ON BOCUSE D’OR IN AMERICA: SETTING LASTING EXPECTATIONS
Tom Allan, Paul Bocuse, Daniel Boulud, and James Kent at the Bocuse d’Or Europe selections in Geneva, June 2010.
I am very proud to be French, and especially proud to be from Lyon—where in 1987, Paul Bocuse started the Bocuse d’Or, the international culinary competition among the world’s greatest chefs. I have such enormous respect for Paul. Through the Bocuse d’Or, he has succeeded in taking my native city, one that is near and dear to the culinary hearts of all French people, and sharing it with the world. The funny thing is, up until three years ago, no one in the United States paid much attention to the competition. That’s when Paul asked me to be the President d’Honneur for the Bocuse d’Or in Lyon. It means that I have a seat next to him in the organization—my job is to represent the body of judges that choose a winner from among 24 countries.
I had another reason for accepting a key role in the Bocuse d’Or. When Gavin Kaysen—a Bocuse d’Or candidate four years ago who was then a chef at El Bizcocho in San Diego— talked with me about his experience, I was struck by how little support was available to him. He showed me his preparations
and posters, demonstrated his dishes, and explained his goals. He was completely on his own, with no financial support or advisory group to guide him—and all the while, he continued to maintain his job as executive chef. Shortly after becoming President d’Honneur, I decided to create an advisory board with Thomas Keller and Paul’s son, Jerome Bocuse—and that was the beginning of the Bocuse d’Or USA Foundation. From that point on, I knew we could begin to make a statement about American chefs and their cuisine on the world stage.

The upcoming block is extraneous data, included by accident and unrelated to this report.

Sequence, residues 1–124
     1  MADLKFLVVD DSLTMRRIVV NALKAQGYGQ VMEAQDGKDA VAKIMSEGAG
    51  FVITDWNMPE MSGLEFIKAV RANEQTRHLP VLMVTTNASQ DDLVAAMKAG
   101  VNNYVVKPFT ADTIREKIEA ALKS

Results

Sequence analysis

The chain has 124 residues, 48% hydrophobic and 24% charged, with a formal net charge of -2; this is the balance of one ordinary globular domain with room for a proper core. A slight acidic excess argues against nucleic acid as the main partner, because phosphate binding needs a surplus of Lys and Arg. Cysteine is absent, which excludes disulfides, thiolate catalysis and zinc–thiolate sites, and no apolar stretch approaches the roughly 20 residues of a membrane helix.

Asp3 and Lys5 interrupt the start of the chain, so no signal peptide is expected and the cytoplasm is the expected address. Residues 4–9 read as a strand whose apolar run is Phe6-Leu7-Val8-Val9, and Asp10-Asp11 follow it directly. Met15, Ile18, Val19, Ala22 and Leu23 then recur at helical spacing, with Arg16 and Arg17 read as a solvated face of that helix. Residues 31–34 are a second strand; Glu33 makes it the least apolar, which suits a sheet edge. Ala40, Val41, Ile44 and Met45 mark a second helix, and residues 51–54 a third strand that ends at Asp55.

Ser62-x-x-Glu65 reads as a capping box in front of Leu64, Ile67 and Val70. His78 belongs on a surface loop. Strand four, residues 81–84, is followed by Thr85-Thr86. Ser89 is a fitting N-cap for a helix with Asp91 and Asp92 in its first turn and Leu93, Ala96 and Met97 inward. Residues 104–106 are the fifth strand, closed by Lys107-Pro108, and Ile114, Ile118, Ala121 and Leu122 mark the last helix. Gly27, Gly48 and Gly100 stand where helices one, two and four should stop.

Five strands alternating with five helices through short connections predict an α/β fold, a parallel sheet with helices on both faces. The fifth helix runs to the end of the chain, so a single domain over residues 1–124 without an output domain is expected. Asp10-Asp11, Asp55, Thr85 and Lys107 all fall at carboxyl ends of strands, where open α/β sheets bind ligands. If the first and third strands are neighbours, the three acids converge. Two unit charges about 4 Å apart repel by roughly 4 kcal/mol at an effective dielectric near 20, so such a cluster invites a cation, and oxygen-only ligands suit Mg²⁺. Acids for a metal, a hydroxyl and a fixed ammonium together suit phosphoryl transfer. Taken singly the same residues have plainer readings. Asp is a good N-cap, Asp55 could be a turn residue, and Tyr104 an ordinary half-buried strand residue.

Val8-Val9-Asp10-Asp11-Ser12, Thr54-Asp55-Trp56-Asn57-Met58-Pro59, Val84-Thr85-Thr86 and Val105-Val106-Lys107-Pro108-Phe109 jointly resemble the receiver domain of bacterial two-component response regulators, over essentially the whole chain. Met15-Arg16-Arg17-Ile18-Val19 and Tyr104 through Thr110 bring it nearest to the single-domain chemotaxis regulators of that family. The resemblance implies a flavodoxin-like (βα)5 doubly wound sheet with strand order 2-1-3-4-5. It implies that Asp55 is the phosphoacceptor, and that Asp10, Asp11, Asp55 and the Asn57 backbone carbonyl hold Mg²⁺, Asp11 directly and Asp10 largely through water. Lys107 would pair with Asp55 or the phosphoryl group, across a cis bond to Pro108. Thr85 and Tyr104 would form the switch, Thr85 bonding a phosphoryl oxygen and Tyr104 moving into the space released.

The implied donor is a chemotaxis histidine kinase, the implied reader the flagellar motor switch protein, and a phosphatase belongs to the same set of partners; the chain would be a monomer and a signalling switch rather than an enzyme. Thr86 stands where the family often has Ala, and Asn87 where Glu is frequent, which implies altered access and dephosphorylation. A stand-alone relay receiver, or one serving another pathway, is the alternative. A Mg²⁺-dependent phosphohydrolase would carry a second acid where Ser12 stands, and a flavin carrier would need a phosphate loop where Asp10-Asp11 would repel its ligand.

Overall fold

The first thing we did was make the Bocuse d’Or USA a nonprofit organization to establish a lasting structure, a system that would nurture and supervise young talent for a long time to come. Then, to create awareness of the Bocuse D’Or here and build that support system, we created the Culinary Council of chefs nationwide. If you are looking for a great young American chef, where are you most likely to find him or her? The answer is obvious: from the top chefs across the country who continually bring these young chefs through their kitchens. Top chefs are the eyes and ears on the ground. Another goal of the organization is to develop a sense of national pride on the world’s culinary stage. I love the image of sitting in the bleachers in Lyon and seeing Team USA step up to the winner’s podium. How spectacular!
One of our largest and most important efforts as an organization is our scholarship program. We take enormous pride in developing talent, and we’ve launched a made-tomeasure program to do just that. Our candidates for the Bocuse d‘Or have the opportunity to learn from France’s top chefs by working in their restaurants, compliments of our scholarship program. These awards allow us to provide access to experiences that emerging chefs might never have on their own.
My goal is to build a Bocuse d’Or USA Foundation that becomes increasingly more organized and competitive—to show the world that in America, there are supremely talented chefs preparing remarkable cuisine. Through our efforts, we will no doubt get closer and closer to the gold!